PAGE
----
A Recovery Blog

This blog is about my continuing recovery from severe mental illness. I celebrate this recovery by continuing to write, by sharing my music and artwork and by exploring Buddhist ideas and concepts. I claim that the yin/yang symbol is representative of all of us because I have found that even in the midst of acute psychosis there is still sense, method and even a kind of balance. We are more resilient than we think. We can cross beyond the edge of the sane world and return to tell the tale. A deeper kind of balance takes hold when we get honest, when we reach out for help, when we tell our stories.

Saturday, July 30, 2016

Get Honest

If you want to get healthy, get honest.  But I think a lot of people don't really want to get healthy.  I know I resist when I smoke cigarettes.  Or when I don't exercise.  Why don't we do what we know is healthy for us?  If we were motivated by healthy logic only perhaps we would behave in a healthier way, but we are conflicted, emotional, reactive creatures.  Logic plays a crucial part in allowing us to understand complex things.  Just having the understanding of complex things is a kind of liberation.  There is also a logic behind chronic emotional problems.  It can be hard to analyze ourselves because the logic of our impulses and acts are obscured by a lack of self awareness, which is one very good reason to be around others and really listen to what they say and try to apply it to ourselves.  The logic of why we resist healthy options might be simple:  we don't want to live up to an ideal of ourselves, that would be too much pressure, too much work.  We want to be what we are, human and fallible.

Those who do try to live up to an ideal of themselves hurt themselves with their own perfectionism and create a distortion of their realities.  Neither approach, too lax or too controlled, work.  Lack of balance is illness.  Getting honest is about finding balance in everyday life.  Our own honesty unites us with reality, just as our own dishonesty unites us with delusions born from distortions of reality.  We tell ourselves being dishonest is self protective, but it is really self sabotage.  Dishonesty does not fit with personal integrity and integrity or wholeness is what keeps us healthy.  Honesty takes clarity and courage.  Sometimes it is easy to be honest when there is no threat around.  Other times it is hard, especially when we judge ourselves as failing or having been harmful.  We are still animals and animals are high wired to any kind of threat, real or imagined.  We are so imaginative and most threats we perceive come from our own imagination.  It's a weird way to live.  It's neurotic at best and psychotic at worst.  I see this phenomenon clearly with my cats.  They are easily distracted by any kind of sound, tense with the idea of nearby danger.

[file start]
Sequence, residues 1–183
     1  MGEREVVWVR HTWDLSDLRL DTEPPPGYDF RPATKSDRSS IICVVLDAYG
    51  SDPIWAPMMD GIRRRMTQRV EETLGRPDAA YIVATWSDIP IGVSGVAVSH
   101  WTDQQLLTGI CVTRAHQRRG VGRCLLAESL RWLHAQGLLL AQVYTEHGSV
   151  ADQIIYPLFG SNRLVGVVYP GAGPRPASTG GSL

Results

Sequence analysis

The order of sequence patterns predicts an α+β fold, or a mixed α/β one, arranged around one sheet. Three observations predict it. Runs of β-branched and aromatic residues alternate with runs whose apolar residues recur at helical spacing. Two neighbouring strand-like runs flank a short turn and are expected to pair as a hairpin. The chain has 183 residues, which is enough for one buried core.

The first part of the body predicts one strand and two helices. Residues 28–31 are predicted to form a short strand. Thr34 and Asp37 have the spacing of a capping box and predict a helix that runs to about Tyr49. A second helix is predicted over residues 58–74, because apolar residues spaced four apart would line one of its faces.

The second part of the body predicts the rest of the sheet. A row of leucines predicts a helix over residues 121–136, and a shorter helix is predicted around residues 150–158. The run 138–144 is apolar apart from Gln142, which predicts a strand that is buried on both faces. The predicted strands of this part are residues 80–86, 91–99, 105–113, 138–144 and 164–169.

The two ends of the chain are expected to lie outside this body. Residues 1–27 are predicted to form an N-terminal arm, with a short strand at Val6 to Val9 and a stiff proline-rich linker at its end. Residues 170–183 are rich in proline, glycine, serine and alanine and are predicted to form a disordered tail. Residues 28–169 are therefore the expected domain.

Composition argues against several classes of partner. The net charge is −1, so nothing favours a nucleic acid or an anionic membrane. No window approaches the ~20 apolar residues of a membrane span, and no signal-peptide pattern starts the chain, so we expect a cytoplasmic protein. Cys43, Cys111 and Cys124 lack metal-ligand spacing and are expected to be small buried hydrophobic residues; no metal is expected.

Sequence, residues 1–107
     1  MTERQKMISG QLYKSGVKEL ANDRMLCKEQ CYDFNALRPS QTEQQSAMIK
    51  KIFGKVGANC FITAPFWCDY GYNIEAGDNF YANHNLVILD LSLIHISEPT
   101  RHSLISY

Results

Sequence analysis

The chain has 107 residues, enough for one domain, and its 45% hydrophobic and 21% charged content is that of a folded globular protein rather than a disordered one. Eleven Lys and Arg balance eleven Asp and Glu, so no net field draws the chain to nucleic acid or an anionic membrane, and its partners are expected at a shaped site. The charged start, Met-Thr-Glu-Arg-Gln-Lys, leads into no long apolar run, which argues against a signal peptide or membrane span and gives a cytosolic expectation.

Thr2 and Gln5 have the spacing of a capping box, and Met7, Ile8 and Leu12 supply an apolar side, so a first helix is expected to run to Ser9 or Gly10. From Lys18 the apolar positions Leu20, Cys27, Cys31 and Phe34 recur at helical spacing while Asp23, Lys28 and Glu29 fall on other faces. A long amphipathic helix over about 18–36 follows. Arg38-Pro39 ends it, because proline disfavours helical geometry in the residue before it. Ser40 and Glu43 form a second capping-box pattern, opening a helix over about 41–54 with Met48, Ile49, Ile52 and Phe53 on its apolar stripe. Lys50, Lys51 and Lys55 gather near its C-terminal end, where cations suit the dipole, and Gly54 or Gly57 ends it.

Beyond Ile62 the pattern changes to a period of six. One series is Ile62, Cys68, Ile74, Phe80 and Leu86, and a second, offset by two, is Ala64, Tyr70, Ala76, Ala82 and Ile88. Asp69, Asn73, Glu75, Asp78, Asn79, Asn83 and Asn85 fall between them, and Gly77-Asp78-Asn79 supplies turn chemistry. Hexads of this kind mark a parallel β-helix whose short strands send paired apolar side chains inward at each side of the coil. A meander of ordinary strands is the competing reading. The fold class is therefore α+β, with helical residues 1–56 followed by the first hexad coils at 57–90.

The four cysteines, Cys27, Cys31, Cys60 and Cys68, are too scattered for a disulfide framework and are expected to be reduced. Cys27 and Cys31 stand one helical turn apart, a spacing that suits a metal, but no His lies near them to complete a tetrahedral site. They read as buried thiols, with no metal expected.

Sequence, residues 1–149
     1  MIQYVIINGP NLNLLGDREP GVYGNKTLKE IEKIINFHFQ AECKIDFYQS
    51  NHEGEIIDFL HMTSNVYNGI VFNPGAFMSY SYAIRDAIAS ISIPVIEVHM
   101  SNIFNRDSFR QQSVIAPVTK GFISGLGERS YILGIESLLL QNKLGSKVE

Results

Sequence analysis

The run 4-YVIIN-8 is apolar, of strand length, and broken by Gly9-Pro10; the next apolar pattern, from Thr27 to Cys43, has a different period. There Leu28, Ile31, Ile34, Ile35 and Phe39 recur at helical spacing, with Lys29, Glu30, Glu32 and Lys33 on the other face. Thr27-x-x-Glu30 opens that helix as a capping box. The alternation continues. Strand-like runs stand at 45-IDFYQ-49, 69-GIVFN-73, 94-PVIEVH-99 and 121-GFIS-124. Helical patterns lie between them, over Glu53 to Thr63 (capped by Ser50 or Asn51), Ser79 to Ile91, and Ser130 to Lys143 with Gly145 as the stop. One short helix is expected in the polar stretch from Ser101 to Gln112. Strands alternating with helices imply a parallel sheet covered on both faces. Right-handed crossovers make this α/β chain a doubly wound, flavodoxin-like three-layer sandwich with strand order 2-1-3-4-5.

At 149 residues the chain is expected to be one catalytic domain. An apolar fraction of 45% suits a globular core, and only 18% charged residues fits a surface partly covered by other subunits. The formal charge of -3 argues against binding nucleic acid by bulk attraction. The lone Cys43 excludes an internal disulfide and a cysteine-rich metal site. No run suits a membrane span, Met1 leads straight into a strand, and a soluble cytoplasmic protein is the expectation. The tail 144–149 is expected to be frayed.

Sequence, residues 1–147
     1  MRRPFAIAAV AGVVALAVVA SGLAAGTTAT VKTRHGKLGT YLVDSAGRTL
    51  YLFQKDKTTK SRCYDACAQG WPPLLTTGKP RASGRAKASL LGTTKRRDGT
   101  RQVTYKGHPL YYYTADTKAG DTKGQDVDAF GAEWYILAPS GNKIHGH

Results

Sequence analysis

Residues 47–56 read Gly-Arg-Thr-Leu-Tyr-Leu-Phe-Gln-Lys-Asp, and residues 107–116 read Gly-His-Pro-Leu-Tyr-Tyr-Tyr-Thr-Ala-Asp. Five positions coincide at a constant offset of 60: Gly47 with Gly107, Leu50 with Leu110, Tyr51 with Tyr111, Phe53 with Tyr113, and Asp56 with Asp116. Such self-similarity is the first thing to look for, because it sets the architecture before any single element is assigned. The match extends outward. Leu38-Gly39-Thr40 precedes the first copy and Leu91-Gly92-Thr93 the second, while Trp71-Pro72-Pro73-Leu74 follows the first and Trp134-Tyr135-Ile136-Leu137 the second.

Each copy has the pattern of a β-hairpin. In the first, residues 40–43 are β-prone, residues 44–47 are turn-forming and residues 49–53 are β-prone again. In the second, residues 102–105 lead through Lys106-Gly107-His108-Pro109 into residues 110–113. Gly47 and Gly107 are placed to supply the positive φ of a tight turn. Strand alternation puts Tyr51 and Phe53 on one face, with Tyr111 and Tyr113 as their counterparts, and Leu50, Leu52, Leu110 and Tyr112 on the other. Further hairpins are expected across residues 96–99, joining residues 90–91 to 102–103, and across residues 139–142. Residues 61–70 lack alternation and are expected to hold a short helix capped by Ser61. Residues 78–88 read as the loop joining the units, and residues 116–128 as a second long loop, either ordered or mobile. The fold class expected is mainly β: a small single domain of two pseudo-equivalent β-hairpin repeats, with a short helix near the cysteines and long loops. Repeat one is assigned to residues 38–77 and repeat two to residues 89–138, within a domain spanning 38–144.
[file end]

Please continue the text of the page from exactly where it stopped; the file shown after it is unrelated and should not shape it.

The difference between a delusion and an illusion is that in the first case the distortion or lack of reality is seen by one person only whereas with an illusion it becomes a collective misperception.  How many misperceptions do you think we have about each other, ourselves and the state of the world?  I'd bet a lot.  I think we all kind of know this, but stay in denial about it.  We're all in the same boat and we all have plenty of weaknesses to work on.  But a commonly shared illusion can be very dangerous.  When groups of people are not anchored to reality, their motivations and behaviors can move towards a collective sickness.  And when sickness is the norm then you start having problems with abuse and violence.  Since the  mid 1940s the big example of this is Hitler's Germany.  A whole country suffered from psychosis.

I think that kind of national psychosis goes right back to our incredibly damaging dualistic thinking about "good" and "evil."  Right and wrong.  Us and Them.  Strong and weak.  Reward and punishment.  So what's the block to getting honest, to integrity and balance, to health and love?  We block ourselves and partially because I don't think we know any better.  We are so conditioned and so susceptible to peer pressure right from our beginnings in this life.  Being pulled under by addiction is obviously pretty horrible, but it gives us the opportunity to break out of our conditioning.  And instead of interacting with our using family and friends, we seek out other people committed to becoming more aware, more sensitive, more honest and responsible.  In our addiction our lives were consumed by multiple illusions, but new healthier peers can guide us out of those illusions and back to base line reality where we can start again on a better path.

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